SAG-AFTRA, Studios to Resume Talks on Friday
➕ Writers share their thoughts on the WGA deal. A 'pyrrhic victory,' says one
By the end of Friday, the actors guild and the major Hollywood studios will have met thrice since the start of the revived negotiations, with plans for both sides to meet again first thing next week.
“SAG-AFTRA and the AMPTP met for a full day bargaining session and have concluded,” reads a joint statement that just came in this evening. “Negotiations will continue Friday, October 6, with the parties working internally over the weekend, resuming Monday, October 9.”
According to a source familiar with the talks, Monday’s meeting was largely a review of the issues on the table — which include A.I. and revenue sharing, among other concerns — though the second day of renewed talks was slightly more productive. SAG-AFTRA chief negotiator Duncan Crabtree-Ireland also reportedly appeared before the Federal Trade Commission today to warn of the dangers of A.I. to the industry.
Though many across town are eager for the industry’s series of work stoppages to end, it’s important to remember that the 160,000-strong membership of SAG-AFTRA has a varied constituency that includes not just actors, but dancers, singers and other performers, and their contractual demands will take time to parse.
Meanwhile, Hollywood’s writers are quickly getting back to work: Late night is back. The Dick Wolf television universe is whirring back into gear, with the Law & Order, FBI and Chicago franchises reportedly reopening their eight writers rooms. And that follows the dusting off of writers rooms for Grey’s Anatomy, 9-1-1 and Abbott Elementary.
As the Writers Guild of America’s strike closes out, the mood is still chipper. “I would have struck for 144 days to get half of what we got in this deal,” one writer told me last week. “We won.”
But that battle does not come without scars. As one upper-level writer wrote in to say, the achievement of the deal felt like something of a “pyrrhic victory”:
Hope you’re doing well. I just wanted to update you on the emotional rollercoaster that is being a TV writer in LA. As I read more about the deal, I think it’s pretty darn good. My first reaction I think was one of a soldier after a war… I’m sure some throw their helmets in the air with glee, while others sit in a corner and weep. I think I fell in the latter category… I just feel so bad for everyone who suffered and continues to suffer because of the studios’ intransigence and apathy towards the people— the community— of this industry. It just didn’t feel like a celebratory moment for me, it felt like a pyrrhic victory. Some context: I spent 12 years as a crew member before I was lucky enough to transition into writing, and I feel deeply for those who can only make a living if something is actually being shot on a stage. In 2007, I was $300 short of my healthcare when the strike began, it was devastating. So congrats to the WGA for getting a deal that made a new technology something that will be regulated, and securing good terms for writers. (I think the staff minimums are kind of a joke in practice, but maybe it allows something to build on in the future). But I do think it’s also a time to mourn, and to figure out a way to make sure this wasn’t a World War that merely sets the stage for another in 2026.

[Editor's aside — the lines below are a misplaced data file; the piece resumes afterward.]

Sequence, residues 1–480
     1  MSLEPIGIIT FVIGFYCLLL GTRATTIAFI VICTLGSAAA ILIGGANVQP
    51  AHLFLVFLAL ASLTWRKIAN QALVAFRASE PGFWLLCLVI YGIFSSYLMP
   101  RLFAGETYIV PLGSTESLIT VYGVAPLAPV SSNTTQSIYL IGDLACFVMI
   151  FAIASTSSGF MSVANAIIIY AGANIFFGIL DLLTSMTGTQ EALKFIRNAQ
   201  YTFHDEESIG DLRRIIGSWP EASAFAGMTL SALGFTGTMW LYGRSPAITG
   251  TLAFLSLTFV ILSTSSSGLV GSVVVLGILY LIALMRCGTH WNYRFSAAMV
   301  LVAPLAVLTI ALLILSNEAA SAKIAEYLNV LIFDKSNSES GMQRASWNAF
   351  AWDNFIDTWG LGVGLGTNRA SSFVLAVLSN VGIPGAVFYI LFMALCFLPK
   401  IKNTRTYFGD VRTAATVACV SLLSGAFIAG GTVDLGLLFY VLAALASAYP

Lastly, I wanted to share this very kind note from a Strikegeist reader that I received last week. I’ve heard from quite a few folks since the WGA deal was announced, and have so appreciated all the writers and actors and crew and studio staffers who have trusted me with their candid thoughts and experiences over the past five months.
I know it's not all said and done yet but after last night's huge news, I just wanted to write and say thank you. The coverage from you and your team at The Ankler has been the most reliable and calm and steady and so many of us have depended on it for many months now. You've never let us down and we won't forget it.
Thank you thank you thank you / let's hope for more good news soon.
ICYMI in Strike News
Drew Barrymore’s talk show is returning (again, after initially trying to rev back up during the WGA strike), but its three writers have declined to return. All three were extended offers, I’m told; the show is now interviewing replacement writers and will do so in compliance with the guild. The Hollywood Reporter first reported the news.
VFX workers at Walt Disney Pictures voted unanimously to unionize with IATSE in the hopes of receiving improved compensation, sufficient health care and retirement benefits. “For so long we’ve wanted the same protections as everyone else, but there was no hope in sight,” says VFX senior coordinator Mack Robinson. “Winning this election was a long fight, but I’m proud to say it’s been won by each and every VFX worker wanting a brighter, sustainable future.” (Variety)
After five months on the sidelines, all the broadcast network late-night shows returned to TV screens on Monday night. “We’ve been gone so long, The Bachelor is now a grandfather,” Jimmy Kimmel joked. (New York Times)
Once the actors strike comes to a close, Netflix plans to mark the occasion — much to the annoyance of subscribers — with a price hike on its ad-free service. (Wall Street Journal)
Actors can submit their work for consideration in this year’s SAG Awards, but they will be unable to campaign for their projects until the strike ends, announced the SAG Awards team on Tuesday. (The Hollywood Reporter)
Additional reporting for ICYMI in Strike News by Matthew Frank.
Disclosure: Elaine Low is an inactive member of SAG-AFTRA.